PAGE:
2014: Do Not Ignore Bonds

The bond market rally may be over, but bonds play an important part in a diversified portfolio, offering investors a hedge against equity markets

Emma Wall 8 January, 2014 | 11:46AM
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Investors should prepare for another eventful year in fixed income, according to Fidelity's Andrew Wells. 

While Wells concedes that bond yields are comparatively low when investors consider both historical yields and the dividend payments offered by equities, he says that this is simply a natiral reflection of the challenging economic environment.

“Fears of a great rotation by investors out of bonds and into equities are exaggerated,” he says. “While government yields are around historic lows, credit spreads in investment grade and high yield bonds remain well above previous levels.”

In particular, European high yield bonds offer investors ample growth opportunities. While the market remains cautious of the Eurozone much as been done to clean up corporate balance sheets and defaults remain low.

Investment grade bonds offer fewer opportunities however, and investors should be aware they are entering near the top of a long bull market.

“Investors must tread a fine line of pursuing carry, while being nimble enough to reduce risk if market stresses appears,” said Wells. The US is at the front of the releveraging cycle so investors are likely to rotate towards euro credit as well as diversified global credit solutions in order to mitigate some of these risks.”

Liquidity in the coming 12 months will be greatly affected by the Fed’s decision to wind down quantitative easing – and the Bank of Japan’s decision to ramp it up.

Europe is also slowly deleveraging, cutting interest rates.

Franklin Templeton fixed income portfolio manager Michael Hasenstab says that the fear of liquidity being pulled out of emerging markets due to the Fed eventually ending its bond-purchasing program is overstated.

“When the Fed does end its bond purchases, we believe the interest-rate differential will likely be in favour of emerging markets with high growth and inflation dynamics that should dictate higher interest rates than those in the United States,” he said. “We believe the relative value potential of these countries’ assets is still intact as they have not been printing money; therefore the pace of Fed tapering is unlikely to have a fundamental impact on countries that continue to exhibit strong fundamentals.”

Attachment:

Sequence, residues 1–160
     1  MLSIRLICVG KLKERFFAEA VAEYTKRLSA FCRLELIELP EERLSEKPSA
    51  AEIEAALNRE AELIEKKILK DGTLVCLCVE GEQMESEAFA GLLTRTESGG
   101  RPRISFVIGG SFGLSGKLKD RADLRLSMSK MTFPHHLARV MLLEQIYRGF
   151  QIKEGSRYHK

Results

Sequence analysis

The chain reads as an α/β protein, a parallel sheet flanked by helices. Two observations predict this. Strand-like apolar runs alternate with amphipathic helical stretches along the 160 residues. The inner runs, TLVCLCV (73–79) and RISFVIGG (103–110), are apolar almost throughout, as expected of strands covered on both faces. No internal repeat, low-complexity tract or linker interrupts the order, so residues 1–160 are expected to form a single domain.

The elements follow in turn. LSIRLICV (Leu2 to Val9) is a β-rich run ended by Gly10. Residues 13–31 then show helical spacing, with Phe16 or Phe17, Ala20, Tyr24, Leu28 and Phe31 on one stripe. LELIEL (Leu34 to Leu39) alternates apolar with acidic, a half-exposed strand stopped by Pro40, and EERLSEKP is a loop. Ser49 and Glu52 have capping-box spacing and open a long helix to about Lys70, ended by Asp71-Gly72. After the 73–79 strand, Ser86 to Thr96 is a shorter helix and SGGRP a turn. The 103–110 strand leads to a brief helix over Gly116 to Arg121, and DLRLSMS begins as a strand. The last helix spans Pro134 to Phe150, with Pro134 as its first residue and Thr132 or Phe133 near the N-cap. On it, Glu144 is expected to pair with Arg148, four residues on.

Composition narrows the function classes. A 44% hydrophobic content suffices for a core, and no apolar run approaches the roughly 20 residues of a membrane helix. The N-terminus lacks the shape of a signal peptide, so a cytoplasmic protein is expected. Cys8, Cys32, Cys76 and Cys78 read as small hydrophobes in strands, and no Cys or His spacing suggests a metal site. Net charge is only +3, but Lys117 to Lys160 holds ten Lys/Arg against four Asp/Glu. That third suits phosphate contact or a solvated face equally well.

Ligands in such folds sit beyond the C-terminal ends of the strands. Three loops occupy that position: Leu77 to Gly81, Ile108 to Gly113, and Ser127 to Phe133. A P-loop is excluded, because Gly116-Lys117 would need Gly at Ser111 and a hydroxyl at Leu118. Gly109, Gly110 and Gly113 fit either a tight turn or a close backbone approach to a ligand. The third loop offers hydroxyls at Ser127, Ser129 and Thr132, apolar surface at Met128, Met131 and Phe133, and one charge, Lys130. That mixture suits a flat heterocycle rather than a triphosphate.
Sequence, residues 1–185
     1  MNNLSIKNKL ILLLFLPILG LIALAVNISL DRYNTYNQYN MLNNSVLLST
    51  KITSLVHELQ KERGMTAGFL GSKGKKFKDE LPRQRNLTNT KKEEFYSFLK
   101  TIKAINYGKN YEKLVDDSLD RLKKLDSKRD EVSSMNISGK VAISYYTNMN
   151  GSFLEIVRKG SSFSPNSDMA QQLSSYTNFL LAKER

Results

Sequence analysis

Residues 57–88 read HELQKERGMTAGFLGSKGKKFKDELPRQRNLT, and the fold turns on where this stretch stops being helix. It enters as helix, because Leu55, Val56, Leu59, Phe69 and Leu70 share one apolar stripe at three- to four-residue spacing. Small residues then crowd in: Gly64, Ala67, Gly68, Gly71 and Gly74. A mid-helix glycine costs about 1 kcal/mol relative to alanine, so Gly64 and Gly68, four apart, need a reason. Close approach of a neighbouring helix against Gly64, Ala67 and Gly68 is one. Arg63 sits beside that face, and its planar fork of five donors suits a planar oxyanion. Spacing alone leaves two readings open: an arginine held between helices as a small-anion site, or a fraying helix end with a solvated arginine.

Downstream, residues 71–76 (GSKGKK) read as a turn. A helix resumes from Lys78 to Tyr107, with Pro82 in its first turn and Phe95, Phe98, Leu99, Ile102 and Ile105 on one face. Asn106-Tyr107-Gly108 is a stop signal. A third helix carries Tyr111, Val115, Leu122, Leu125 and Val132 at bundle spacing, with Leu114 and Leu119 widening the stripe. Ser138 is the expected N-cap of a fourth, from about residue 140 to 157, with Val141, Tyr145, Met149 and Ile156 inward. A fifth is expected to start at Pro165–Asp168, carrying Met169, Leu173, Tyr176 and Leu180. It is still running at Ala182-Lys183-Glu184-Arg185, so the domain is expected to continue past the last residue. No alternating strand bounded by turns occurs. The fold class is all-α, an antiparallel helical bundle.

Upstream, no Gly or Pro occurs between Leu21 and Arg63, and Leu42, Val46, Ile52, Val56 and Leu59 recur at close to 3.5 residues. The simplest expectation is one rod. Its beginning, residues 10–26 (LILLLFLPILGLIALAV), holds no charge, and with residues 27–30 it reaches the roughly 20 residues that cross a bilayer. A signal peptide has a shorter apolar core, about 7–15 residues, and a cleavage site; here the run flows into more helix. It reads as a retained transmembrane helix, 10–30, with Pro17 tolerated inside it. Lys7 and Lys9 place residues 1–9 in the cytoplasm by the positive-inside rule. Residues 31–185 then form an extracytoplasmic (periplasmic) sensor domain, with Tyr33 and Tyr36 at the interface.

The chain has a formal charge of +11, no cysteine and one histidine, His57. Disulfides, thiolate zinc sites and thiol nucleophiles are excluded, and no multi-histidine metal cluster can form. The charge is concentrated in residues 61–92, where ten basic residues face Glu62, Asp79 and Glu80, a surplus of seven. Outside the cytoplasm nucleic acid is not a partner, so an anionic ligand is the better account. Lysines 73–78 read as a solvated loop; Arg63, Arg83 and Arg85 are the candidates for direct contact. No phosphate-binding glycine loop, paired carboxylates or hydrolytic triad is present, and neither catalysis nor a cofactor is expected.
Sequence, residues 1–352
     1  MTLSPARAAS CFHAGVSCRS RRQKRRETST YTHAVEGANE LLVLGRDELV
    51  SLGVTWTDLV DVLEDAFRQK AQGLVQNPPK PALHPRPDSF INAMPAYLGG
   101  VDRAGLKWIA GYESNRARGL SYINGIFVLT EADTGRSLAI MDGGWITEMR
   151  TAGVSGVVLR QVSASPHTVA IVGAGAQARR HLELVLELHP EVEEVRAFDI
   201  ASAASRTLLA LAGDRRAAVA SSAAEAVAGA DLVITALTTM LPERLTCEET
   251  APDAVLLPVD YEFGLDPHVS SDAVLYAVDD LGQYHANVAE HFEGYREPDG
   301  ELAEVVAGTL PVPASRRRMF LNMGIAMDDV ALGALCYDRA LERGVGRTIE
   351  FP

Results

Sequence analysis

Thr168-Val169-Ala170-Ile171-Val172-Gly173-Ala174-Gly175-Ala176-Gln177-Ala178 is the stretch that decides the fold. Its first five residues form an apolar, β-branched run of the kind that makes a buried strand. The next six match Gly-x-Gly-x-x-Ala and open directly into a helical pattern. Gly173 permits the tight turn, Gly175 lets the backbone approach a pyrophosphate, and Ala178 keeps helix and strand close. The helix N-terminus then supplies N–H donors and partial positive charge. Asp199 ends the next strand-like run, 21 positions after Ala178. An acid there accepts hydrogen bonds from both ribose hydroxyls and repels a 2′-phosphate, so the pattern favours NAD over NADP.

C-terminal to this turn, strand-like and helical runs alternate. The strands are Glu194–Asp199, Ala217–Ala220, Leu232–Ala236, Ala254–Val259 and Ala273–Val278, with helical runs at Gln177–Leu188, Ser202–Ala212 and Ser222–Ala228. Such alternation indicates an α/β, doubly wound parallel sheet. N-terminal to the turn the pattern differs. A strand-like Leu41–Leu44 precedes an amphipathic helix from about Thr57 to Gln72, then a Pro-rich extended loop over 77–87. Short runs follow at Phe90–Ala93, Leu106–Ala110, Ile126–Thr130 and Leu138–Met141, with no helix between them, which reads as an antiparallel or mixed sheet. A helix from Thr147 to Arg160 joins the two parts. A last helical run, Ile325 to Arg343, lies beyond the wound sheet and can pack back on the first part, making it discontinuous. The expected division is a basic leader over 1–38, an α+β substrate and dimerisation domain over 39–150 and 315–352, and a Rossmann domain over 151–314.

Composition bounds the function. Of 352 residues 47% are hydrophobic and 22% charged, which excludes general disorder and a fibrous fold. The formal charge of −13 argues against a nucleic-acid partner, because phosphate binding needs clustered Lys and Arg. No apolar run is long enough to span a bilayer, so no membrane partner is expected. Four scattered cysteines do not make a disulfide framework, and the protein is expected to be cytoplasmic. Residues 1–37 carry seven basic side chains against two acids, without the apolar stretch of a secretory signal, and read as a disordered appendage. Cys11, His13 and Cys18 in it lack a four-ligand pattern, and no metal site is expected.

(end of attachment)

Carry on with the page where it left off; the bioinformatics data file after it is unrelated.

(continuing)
Jim Leaviss, bond manager at M&G said that the fundamental outlook for corporate bonds remains positive – thanks to low default levels and minimal risk of inflation in the developed world. But he did warn that investors should not base their expectations on recent years’ performance.

“After returning 5.2%, 10.8% and 0.3% in 2011, 2012 and 2013, investors must recalibrate their expectations for investment grade corporate bonds,” he said. “The impending withdrawal of central bank support could create volatility in risk markets. In this sense, the tapering debate of 2013 gives us a guide to what to expect in 2014.

"However, with spreads starting the New Year both tighter than in 2013 and close to historical averages, excess returns are likely to be lower. We believe most parts of the credit market will struggle to deliver much more than their coupon, but credit remains in favour versus other, even lower yielding, fixed income assets.”

Given the macro challenges facing the bond market in 2014, investors should opt for a fund that allows the manager a broad universe from which to pick their portfolio.

Strategic bond funds invest in all types of fixed income – from cash and gilts to high yield, adapting exposure to suit the market.

Highly rated funds include Henderson Preference & Bond (Morningstar Silver Rated) and L&G Dynamic Bond (Silver Rated).

Global bond funds offer investors a chance to pick up emerging market exposure – a sector which fared poorly in 2013, but is expected to pick in in 2014. Highly rated global bond funds include Pimco Global Bond (Silver Rated) and Templeton Global Bond (Silver Rated).

The information contained within is for educational and informational purposes ONLY. It is not intended nor should it be considered an invitation or inducement to buy or sell a security or securities noted within nor should it be viewed as a communication intended to persuade or incite you to buy or sell security or securities noted within. Any commentary provided is the opinion of the author and should not be considered a personalised recommendation. The information contained within should not be a person's sole basis for making an investment decision. Please contact your financial professional before making an investment decision.

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Securities Mentioned in Article

Security NamePriceChange (%)Morningstar
L&G Strategic Bond R Acc108.90 GBP0.09Rating
Templeton Global Bond A(acc)USD24.93 USD-0.39Rating

About Author

Emma Wall  is former Senior International Editor for Morningstar

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